Chinese Web Giant Baidu Launches Kickstarter-Style Service
The fund taps into the country's need for investment vehicles and its love of movies
Chinese web search giant Baidu has launched its own Kickstarter-style investment fund, Baifa Youxi, to help ordinary investors participate in the funding of big movie projects.
The online fund, which Baidu is launching with Taiwan's Central Picture Corporation, Citic Bank and the Hong Kong law firm DeHeng, will allow investment of as little as $1.63, with yields based on the box-office performance of the projects.
In April, China's largest e-commerce company, Alibaba, which had its massive IPO in New York last week, launched Yulebao, which translates as "Entertainment Treasure," a vehicle similar to crowdfunding that lets thousands of ordinary Chinese become microfinanciers for movies.
Investors in China are always on the lookout for new vehicles. The stock market is tightly controlled, and the real estate market has become expensive, plus ordinary Chinese are generally not allowed to invest overseas. This kind of fund also taps into China's growing love affair with the movies.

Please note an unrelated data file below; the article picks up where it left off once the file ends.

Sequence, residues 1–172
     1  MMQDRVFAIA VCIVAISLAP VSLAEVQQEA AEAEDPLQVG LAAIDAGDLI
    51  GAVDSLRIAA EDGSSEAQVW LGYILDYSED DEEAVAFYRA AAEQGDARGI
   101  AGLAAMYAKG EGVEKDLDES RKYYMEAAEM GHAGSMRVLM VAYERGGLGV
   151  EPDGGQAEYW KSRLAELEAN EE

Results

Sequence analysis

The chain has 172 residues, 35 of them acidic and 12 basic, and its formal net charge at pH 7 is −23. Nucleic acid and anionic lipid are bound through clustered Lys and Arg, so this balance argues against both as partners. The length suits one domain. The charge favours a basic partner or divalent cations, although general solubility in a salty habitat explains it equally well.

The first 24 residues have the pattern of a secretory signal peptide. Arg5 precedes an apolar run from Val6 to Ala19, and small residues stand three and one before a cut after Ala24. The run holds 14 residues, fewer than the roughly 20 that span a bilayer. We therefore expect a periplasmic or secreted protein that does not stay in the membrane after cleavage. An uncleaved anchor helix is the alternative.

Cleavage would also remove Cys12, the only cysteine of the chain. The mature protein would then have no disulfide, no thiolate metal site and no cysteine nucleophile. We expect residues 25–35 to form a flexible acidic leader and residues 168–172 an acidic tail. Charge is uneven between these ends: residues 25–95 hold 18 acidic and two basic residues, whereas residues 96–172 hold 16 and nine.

The online giant reckons returns could be as high as 16 percent. Baidu owns majority stakes in two popular Chinese video portals, PPS and iQiyi, and has been working to build up its own content division.
The first project offered to investors is Golden Age — featuring Tang Wei and Feng Shaofeng —which has been flagged as a Chinese version of Gone With the Wind. The fund quickly raised $29.3 million from over 3,300 supporters, which is 120 percent the targeted sum.
"The launch of Baifa Youxi will bring fresh wind to our film industry," said La Peikang, the CEO of state film group China Film. "It creates the platform and an opportunity for creative marketing and film prosperity. It enriches the way users can participate in and enjoy films and narrows the distance to the consumer."
He added: "Combining with Baidu allows production firms and celebrities to understand the consumer better and thereby better meet their needs. It is a good start to build a dream factory for different elites, investors and users."
When it launched its fund, Alibaba was careful to distinguish Yulebao from a traditional crowdsourcing scheme, which is illegal in China and sometimes seen by authorities as a form of pyramid schemes.
Alibaba says Yulebao's investors indirectly invest in the film industry and earn capital gains on insurance and wealth management products.